Securing The Election Industry
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This fall's elections will be overseen by the states. But they're also big business for a lot of private companies, the people who print ballots or make voting machines or do other things. NPR's Miles Parks reports the business of voting has complicated the effort to make voting secure.
MILES PARKS, BYLINE: Like all states, Maryland's government needs help running elections. So it pays a bunch of different companies to take on different aspects. In 2015, the company that owns the servers that hold much of Maryland's voting data changed hands. It wasn't considered a big deal.
NIKKI CHARLSON: We were notified of the change that Sidus Group is now ByteGrid. It's a wholly owned subsidiary - whatever it was. We were told of the change but nothing else. And the team members were the same.
PARKS: That's Maryland Deputy Elections Administrator Nikki Charlson. In July, Charlson got some surprising news. The FBI told her that ByteGrid, the company that hosts Maryland statewide online voter registration system and their election night results website, is now financed by a company whose largest investor is a Russian oligarch.
CHARLSON: Who would have thought? I mean, we were obviously very cyber-aware and doing all the best practices for IT systems and all that. But who would have thought that? Like, that's out of a Tom Clancy novel, right?
PARKS: The company has said its investors have no involvement or role in its operations. And there's no evidence at all that the Russian connection had any effect on votes cast or registrations in the state in 2016. Since then, however, the election industry's lack of transparency has come under scrutiny. An NSA document leaked last year detailed how Russian operatives hacked a Florida vendor called VR Systems that sells and maintains voter registration software. While the company's denied that Russia gained access, a recent indictment from special counsel Robert Mueller team said VR Systems was breached. Investigators say Russian operatives broke into the company's computers, then sent fraudulent emails to election officials using the VR Systems logo.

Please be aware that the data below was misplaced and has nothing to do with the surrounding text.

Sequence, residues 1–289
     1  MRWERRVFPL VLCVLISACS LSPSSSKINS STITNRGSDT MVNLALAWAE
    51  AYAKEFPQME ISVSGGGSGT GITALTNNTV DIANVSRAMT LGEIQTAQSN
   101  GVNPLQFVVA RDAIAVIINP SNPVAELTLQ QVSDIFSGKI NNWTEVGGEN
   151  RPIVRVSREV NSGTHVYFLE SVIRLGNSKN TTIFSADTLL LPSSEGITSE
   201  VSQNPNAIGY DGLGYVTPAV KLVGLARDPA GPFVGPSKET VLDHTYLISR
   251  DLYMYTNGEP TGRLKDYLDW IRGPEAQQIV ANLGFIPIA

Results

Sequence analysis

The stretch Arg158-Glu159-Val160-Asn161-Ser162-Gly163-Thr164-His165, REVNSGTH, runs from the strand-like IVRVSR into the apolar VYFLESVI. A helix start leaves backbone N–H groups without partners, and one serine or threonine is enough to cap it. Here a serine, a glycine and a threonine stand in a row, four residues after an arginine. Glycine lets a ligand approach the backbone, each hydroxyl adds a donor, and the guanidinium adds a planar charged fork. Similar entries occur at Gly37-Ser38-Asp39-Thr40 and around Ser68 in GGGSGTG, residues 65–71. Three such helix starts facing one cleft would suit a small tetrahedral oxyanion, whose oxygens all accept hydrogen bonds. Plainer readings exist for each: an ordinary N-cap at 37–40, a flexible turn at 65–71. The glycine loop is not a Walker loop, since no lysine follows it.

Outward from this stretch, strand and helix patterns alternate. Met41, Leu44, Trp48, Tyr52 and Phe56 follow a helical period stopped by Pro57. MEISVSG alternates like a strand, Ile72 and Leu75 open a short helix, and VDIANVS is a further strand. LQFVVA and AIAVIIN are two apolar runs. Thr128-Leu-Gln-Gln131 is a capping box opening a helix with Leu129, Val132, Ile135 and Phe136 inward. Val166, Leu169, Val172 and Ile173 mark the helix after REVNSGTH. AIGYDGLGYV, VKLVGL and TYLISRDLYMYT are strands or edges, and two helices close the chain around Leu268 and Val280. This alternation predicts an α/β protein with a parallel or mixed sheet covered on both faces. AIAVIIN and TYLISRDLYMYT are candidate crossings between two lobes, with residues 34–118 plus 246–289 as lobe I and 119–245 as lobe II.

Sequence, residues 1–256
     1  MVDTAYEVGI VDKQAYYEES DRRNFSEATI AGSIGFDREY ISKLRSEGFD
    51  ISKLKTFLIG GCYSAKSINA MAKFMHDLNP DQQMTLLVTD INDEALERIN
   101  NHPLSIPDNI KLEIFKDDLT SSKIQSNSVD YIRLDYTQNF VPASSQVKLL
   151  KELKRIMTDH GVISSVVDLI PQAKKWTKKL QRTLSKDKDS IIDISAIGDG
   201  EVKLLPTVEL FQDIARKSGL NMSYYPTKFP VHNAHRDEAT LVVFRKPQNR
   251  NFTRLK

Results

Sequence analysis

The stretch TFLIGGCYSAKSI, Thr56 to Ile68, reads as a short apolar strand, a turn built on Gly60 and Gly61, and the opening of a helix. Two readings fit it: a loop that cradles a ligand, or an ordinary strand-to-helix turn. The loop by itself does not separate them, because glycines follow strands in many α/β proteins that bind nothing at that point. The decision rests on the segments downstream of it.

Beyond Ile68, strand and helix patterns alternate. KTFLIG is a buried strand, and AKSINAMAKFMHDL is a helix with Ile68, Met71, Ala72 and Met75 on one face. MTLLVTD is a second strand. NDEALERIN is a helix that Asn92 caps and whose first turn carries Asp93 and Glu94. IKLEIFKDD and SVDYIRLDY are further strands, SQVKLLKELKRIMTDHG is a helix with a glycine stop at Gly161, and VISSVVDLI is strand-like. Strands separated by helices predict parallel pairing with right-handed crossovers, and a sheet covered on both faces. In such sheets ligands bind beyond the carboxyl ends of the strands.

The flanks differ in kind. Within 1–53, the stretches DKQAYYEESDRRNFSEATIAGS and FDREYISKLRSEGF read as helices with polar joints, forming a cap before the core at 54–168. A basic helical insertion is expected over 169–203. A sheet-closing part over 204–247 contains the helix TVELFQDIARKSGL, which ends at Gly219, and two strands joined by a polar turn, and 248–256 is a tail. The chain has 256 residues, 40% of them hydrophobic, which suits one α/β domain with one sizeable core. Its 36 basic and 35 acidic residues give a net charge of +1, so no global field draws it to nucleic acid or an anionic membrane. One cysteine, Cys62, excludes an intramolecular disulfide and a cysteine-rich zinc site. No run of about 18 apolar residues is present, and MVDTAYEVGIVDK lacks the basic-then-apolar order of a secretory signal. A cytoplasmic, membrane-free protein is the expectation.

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RON WYDEN: These companies want to be gatekeepers of our democracy, but they seem completely uninterested in safeguarding it.
PARKS: That's Oregon Senator Ron Wyden speaking at an election security hearing this summer. Wyden has gone back and forth with the largest manufacturer of voting equipment, Election Systems & Software, or ES&S, about a number of cybersecurity issues. In one case, ES&S originally said it never installed a hackable kind of software on machines it sold. But after Senator Wyden asked about it, the company revealed they had provided the software for a small number of customers. The company didn't provide Wyden specifics, however.
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WYDEN: If they are going to have such a broad berth in the American election system, the public has a right to know about whether they are addressing basic questions of cybersecurity.
PARKS: In an interview with NPR, ES&S vice president Kathy Rogers said around 300 voting jurisdictions were provided the software, which helped the company provide IT support. But Rogers says it wasn't provided by the company after 2007, and it was never installed in machines that tabulated votes. The hard part is the public and even federal government officials like Wyden have no tool for an unfettered look at the inner-workings of these companies. The companies aren't even legally required to publicly say if they've had a cyber breach.
Here's Edgardo Cortes, an election security adviser for the Brennan Center and a former Virginia elections official.
EDGARDO CORTES: Election officials have been doing a ton around election security. But if that same thing is not going on at the vendor level, then that creates a really big potential vulnerability for the entire system.
PARKS: ES&S vice president Chris Wlaschin joined the company in April to lead its cybersecurity efforts. He says the company is soon becoming the first election vendor to install what's called an Albert sensor. Many governments use them to monitor cyber threats and share information with the Department of Homeland Security. Wlaschin also directly said the company has not successfully been attacked at any point in the past.
CHRIS WLASHIN: There has not been an incident at ES&S, going back as far as anyone there that I have communicated with.
PARKS: For now, voters will just have to take his word on that.
Miles Parks, NPR News, Washington. Transcript provided by NPR, Copyright NPR.